Only revoking Article 50 can save us from no-deal oblivion – a new Brexit referendum will have to wait

Chuka Umunna

“A week is a long time in politics” was a famous saying of Labour prime minister Harold Wilson. It means a month is an eternity. A lot has changed since the UK was set on a course leading, unexpectedly, to the European elections this Thursday in the UK to vote in British MEPs. That set of events was triggered following the emergency European Union Council meeting which took place on 10th April.

All of the Remain parties in these elections have been campaigning for the issue of Brexit to be given back to the people for a Final Say on whether to proceed with this disaster. We are also all committed to campaigning to retain our European Union membership. As you would expect, I would urge readers to vote for Change UK – which is one of them – on Thursday. Not only do we have a clear position on remaining in the EU – unlike Labour which is committed to facilitating Brexit – but we are the only Remain party standing that is clear Article 50 will need to be revoked.

Meanwhile, the passage of time constantly changes the context of this national political crisis. As things stand, the default position is for the UK to leave the EU on 31 October 2019 after an extension was granted to the Article 50 process, and it looks quite unlikely to be extended again for reasons I will come to. This has two ramifications.

The official People’s Vote campaign, which I co-founded, has estimated that it would take at least six months to hold a referendum – around three months to legislate for it and a minimum of three months for a campaign. It is now impossible to hold that people’s vote before the October exit day – which is the only way to resolve the political impasse in the country – without stopping the clock and halting the Article 50 process. Parliament would have had to have begun legislating for such a public vote several weeks ago and it has not done so yet.

Last week the prime minister announced that she would be bringing her deal back to the House of Commons, yet again, in the week of 3 June in the form of the withdrawal agreement bill. If this bill is defeated that week, which is a certainty, then she has committed to set out the timetable for her departure.

The consensus view is that a Conservative leadership contest – which is already under way – will continue over the summer months with a new prime minister being installed at the Conservative Party conference at the beginning of October. The runners and riders in that contest are already falling over themselves to promise to take the UK out of the EU without a deal, come what may.

The Brexit secretary, Stephen Barclay, who has not ruled out standing in the leadership contest, said this last week: “I think that if the House of Commons doesn’t approve the withdrawal agreement bill, the Barnier deal is dead in that form, and I think that the House of Commons will then have to address a much more fundamental question between whether it will pursue … a no-deal option or whether it will revoke.” He restated his view yesterday that no deal is the option that must be pursued.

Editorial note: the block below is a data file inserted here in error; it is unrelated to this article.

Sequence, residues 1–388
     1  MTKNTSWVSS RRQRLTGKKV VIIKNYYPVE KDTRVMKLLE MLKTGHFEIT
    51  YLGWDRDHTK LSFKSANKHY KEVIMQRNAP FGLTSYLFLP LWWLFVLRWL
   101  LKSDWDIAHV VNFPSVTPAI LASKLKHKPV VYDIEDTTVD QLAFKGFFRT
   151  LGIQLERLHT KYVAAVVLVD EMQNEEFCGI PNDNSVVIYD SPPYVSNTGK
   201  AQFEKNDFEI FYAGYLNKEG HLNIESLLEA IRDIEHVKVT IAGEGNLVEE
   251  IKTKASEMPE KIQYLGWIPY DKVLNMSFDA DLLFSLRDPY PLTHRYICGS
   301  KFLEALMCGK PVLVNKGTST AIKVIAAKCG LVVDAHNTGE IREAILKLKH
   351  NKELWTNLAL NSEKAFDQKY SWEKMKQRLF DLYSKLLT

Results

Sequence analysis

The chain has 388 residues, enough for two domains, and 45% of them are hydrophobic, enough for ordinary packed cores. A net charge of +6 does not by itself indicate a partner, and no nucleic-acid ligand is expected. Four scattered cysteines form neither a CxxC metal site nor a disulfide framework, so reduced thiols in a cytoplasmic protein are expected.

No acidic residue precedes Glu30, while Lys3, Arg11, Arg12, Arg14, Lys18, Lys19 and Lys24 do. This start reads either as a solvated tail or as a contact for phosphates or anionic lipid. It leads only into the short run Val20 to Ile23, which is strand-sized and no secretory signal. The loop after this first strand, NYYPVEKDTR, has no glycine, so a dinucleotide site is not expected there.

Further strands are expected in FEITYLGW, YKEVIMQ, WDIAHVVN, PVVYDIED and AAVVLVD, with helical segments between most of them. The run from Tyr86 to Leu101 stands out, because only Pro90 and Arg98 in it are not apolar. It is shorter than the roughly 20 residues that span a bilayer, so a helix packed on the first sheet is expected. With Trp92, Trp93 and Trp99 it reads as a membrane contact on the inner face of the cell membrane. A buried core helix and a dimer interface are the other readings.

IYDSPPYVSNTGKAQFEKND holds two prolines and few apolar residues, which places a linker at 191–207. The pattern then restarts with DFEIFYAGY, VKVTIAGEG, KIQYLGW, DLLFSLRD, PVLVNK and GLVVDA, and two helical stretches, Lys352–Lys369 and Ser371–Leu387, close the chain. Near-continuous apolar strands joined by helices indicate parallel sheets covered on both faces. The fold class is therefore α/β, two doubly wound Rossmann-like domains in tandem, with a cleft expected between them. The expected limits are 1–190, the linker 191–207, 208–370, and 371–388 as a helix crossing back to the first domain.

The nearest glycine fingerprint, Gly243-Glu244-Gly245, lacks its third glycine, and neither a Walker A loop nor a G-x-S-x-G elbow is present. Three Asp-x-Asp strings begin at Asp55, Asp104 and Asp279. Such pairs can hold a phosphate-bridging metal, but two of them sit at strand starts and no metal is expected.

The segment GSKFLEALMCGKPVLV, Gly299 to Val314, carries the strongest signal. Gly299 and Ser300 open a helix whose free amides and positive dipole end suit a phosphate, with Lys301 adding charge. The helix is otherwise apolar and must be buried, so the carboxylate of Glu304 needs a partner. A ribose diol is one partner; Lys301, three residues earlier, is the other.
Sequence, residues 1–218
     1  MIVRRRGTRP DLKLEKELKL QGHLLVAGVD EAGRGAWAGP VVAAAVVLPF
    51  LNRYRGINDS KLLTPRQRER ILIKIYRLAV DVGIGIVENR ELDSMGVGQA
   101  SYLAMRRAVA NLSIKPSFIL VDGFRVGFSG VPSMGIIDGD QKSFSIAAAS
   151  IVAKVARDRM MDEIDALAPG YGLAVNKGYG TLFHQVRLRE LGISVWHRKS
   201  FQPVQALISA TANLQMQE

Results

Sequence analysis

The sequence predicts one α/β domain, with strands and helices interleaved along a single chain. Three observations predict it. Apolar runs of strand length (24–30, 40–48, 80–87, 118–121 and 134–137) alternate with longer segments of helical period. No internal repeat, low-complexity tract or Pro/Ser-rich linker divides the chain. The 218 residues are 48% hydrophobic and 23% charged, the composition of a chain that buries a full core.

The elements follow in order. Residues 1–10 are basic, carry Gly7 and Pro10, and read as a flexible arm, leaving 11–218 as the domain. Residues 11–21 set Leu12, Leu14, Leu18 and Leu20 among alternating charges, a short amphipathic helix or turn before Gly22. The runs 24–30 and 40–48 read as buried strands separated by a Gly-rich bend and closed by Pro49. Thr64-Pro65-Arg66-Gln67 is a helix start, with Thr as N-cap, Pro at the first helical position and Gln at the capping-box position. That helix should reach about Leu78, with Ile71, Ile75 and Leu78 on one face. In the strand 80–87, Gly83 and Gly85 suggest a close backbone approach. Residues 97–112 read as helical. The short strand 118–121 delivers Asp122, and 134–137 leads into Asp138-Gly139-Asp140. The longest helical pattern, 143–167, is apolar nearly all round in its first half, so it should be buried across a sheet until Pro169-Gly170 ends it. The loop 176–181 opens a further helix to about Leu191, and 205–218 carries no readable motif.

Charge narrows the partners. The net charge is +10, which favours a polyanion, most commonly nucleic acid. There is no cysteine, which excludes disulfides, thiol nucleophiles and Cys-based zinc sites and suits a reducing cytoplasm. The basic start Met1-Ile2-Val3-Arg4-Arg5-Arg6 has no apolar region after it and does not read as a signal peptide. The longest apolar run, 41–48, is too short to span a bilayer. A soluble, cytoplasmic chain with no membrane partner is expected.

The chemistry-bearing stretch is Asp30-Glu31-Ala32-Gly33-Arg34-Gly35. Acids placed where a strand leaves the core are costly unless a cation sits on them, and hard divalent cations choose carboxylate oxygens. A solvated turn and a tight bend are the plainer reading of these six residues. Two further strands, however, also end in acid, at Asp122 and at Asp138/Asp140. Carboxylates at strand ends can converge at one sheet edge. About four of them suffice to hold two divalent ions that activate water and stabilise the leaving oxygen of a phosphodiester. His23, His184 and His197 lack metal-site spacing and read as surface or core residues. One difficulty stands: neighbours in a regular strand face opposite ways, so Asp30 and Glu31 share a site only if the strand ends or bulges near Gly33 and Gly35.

The chief secretary to the Treasury, Liz Truss, who is standing for the leadership, told BBC Newsnight that “if parliament fails to take a decision and we are left with the choice of revoking Brexit, of not doing Brexit, and no deal, I would rather have no deal”. This will be the standard position for anyone wanting to win the Tory crown.

As ever, Conservative Party politicians’ main concern is their own personal and party interests – they will carry on as if no one else is watching. Of course, our EU partners will be watching this closely. EU leaders’ main concern when granting an extension to the Article 50 process in April was that the Brits would disrupt EU business while still a member. France’s President Macron, in particular, has concerns in this regard.

This will be heightened when a new hard-Brexit PM takes office in the autumn. This significantly reduces the chances of a further extension being granted by the EU, never mind a new Tory leader being bound by leadership election promises to take us out on WTO terms.

It is for these reasons that there is an approaching and very real national emergency looming: the UK leaving the EU without a deal in just five months time. Six million people signed the parliamentary petition calling for Article 50 to be revoked. They were right. It is the only option left to halt such a disaster: stop the clock and give the UK the time to resolve this mess through a public vote.

Brighton is buzzing

If it’s a sunny day and you fancy a trip to the coast, the natural destination for many southwest Londoners is Brighton and I had the pleasure of making the trip yesterday for a campaign rally. Brighton can claim many firsts: the first recorded commercial flight from Shoreham to Brighton in 1910; it had the first casino in the world; one of the first ever movies was filmed there and even the UK’s first naturist beach in 1979! Such is its diversity, buzz and openness, I’m sure it’ll keep breaking new ground.

Our coasts are wrongly often painted as not moving on from past glories but Brighton always reminds you what a load of rubbish that is.

Chuka Umunna is the Change UK MP for Streatham